That is why the post-disaster reconstruction and victimsf efforts to rebuild their living conditions are the Japanese peoplefs and workersf tasks linked to the reconstruction of crumbling Japanese society, the creation of stable jobs, and elimination of poverty and income inequalities. They are also associated with the workersf struggle to improve their working and living conditions. We should keep in mind these viewpoints in our efforts.

We begin by understanding the hardships disaster victims are experiencing

The immediate task is to increase work on proposing policies and intensify the struggle to improve various social programs and policies, based on the immediate needs and requests raised by victims of the disaster. More than three months after the devastating earthquake and tsunami, people in the stricken areas are in serious conditions as follows:

(1) Protracted evacuation and difficulty in securing housing

There are 88,000 people who are still forced to stay in evacuation centers (41,000 are in evacuation centers in three disaster-hit prefectures). Their evacuation is being protracted, and securing housing is the most difficult problem. The government has assured that temporary housing will be secured for all evacuees by August. But actually, there is an acute shortage of housing even though the local governments are putting evacuees to private apartment houses for rent. Some of the newly built temporary houses are located in remote areas. Evacuees say they are too far from workplaces and schools. Evacuation centers that accommodate people from wide areas are being closed, leaving some without next places to go.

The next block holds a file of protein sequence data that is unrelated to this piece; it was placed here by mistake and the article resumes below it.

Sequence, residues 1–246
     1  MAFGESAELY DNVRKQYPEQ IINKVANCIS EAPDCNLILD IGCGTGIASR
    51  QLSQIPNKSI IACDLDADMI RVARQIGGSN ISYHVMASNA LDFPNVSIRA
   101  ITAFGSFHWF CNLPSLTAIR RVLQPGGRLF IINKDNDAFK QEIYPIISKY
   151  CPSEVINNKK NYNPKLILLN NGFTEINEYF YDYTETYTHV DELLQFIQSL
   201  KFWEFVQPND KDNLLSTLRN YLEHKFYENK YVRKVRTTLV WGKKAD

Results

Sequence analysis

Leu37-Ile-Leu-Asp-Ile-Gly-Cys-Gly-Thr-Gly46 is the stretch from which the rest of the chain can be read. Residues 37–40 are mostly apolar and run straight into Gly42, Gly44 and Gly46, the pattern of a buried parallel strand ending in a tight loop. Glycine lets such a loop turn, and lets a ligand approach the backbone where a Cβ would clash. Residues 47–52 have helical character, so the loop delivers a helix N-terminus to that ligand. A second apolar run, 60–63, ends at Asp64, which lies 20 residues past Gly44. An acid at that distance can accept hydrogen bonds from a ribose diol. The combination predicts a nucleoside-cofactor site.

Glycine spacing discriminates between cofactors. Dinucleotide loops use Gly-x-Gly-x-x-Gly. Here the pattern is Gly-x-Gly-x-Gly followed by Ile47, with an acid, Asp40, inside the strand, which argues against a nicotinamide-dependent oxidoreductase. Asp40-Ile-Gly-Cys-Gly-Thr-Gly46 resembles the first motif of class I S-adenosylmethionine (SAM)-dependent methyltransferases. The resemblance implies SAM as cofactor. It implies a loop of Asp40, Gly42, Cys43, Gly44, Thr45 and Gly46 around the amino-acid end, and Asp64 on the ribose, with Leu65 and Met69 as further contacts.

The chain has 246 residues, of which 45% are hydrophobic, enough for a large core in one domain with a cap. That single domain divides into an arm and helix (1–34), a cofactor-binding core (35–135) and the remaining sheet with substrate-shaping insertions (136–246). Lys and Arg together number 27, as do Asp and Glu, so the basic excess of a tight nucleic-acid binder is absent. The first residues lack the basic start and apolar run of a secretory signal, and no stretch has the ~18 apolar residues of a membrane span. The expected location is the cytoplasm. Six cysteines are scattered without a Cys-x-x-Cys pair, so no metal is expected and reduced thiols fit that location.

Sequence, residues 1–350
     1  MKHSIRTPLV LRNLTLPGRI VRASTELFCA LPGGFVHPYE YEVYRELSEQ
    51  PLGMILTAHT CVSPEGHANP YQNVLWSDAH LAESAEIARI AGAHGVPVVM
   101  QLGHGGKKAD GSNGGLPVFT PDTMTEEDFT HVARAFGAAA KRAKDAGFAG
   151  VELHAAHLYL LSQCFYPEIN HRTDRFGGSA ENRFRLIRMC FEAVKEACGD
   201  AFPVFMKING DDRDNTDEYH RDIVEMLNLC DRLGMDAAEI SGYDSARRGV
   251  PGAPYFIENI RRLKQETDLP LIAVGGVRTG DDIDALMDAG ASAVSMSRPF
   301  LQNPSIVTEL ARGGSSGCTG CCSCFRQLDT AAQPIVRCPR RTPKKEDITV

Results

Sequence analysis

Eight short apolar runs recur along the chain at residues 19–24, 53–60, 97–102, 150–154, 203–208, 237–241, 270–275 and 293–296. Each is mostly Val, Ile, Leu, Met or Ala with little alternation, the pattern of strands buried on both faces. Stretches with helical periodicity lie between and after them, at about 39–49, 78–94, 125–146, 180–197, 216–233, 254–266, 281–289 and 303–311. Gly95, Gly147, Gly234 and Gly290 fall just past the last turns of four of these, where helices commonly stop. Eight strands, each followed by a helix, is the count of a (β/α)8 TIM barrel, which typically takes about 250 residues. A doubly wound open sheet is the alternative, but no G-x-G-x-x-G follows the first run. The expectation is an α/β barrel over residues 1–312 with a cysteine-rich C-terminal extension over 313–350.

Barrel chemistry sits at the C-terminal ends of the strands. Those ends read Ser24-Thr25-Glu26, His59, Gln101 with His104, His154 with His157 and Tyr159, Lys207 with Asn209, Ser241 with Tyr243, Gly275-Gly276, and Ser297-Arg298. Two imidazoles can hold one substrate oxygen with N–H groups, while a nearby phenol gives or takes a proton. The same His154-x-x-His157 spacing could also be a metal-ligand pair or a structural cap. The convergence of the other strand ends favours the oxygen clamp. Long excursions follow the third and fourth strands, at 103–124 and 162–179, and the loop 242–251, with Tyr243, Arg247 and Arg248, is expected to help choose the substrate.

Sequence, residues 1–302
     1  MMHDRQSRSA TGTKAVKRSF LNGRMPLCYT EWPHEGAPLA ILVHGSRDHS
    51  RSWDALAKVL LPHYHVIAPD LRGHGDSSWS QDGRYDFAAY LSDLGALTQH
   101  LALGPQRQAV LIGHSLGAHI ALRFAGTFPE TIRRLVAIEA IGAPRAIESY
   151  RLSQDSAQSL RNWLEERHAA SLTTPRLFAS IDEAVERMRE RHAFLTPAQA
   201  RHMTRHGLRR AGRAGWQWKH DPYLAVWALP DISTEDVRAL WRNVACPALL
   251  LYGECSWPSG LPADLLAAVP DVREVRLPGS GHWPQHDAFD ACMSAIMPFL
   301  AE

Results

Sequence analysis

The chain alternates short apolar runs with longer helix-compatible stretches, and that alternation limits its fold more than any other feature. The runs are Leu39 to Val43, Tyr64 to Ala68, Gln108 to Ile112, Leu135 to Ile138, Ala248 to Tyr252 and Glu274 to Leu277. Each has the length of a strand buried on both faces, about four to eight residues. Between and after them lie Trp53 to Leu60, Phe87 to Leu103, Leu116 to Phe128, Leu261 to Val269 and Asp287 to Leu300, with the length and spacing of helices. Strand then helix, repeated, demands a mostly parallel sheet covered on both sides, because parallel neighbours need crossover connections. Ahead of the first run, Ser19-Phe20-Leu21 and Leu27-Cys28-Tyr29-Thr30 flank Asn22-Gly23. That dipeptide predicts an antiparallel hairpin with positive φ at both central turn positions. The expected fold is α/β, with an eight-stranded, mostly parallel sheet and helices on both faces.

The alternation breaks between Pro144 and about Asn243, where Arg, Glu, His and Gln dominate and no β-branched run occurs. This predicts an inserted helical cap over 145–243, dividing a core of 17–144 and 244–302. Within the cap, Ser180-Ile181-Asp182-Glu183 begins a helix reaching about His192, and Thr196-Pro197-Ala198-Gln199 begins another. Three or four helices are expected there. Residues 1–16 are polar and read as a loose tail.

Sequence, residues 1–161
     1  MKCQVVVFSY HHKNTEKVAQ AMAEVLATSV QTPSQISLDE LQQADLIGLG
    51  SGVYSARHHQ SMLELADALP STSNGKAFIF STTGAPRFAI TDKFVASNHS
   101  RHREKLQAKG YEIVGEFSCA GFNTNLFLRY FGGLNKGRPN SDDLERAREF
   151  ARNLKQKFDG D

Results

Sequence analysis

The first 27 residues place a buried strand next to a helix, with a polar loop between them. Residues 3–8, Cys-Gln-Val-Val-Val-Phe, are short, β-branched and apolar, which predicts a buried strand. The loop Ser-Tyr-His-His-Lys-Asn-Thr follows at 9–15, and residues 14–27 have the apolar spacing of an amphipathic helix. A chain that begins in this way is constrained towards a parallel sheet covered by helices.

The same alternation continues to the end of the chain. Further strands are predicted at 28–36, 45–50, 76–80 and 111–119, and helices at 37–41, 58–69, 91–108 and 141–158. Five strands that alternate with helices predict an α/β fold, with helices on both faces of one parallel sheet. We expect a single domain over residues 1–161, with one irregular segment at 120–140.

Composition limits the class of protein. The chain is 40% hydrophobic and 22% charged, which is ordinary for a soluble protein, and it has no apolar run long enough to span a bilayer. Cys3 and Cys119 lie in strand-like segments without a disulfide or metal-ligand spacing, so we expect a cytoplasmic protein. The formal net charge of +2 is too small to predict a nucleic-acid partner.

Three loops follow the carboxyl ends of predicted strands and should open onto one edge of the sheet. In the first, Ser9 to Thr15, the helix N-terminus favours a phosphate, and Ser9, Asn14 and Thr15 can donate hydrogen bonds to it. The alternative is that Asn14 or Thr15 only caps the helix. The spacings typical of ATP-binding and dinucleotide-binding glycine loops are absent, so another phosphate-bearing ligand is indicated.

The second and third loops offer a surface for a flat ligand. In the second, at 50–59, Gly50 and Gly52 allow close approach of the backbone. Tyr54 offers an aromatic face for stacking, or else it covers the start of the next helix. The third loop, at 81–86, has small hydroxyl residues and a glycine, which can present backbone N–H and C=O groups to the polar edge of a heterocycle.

Even while evacuation is being protracted, efforts to improve conditions at evacuation centers are very slow. In group living like this, evacueesf right to privacy is not protected. They are compelled to eat bread and boxed lunch for meals. Bathing and washing are no easy. Their human rights are not protected properly. Some people have fallen sick. There have even been old peoplefs unnecessary deaths. Some old couples and families with babies, unable to endure these difficult conditions, have left evacuation centers to live in the second floor of their damaged houses without electric power and gas available.

(2) Evacuees feel more and more uncertain about their future

In addition to the loss of local infrastructure as well as homes and jobs, many disaster-hit people are forced to endure the protracted evacuation. With personal money running out, they are increasingly uncertain about their future.

Although the distribution of relief money has begun for affected families, those who have everything swept away by tsunami would need more than the 1.4 million yen (for houses completely destroyed).

Under these circumstances, the number of people in need of public livelihood assistance benefits is increasing, but their applications are turned down due to the strict assessment of applicantsf assets. In some cases, contrary to the government instruction, receivers of disaster donations have been disqualified from the public livelihood assistance program on the grounds that the relief money they received are regarded as income.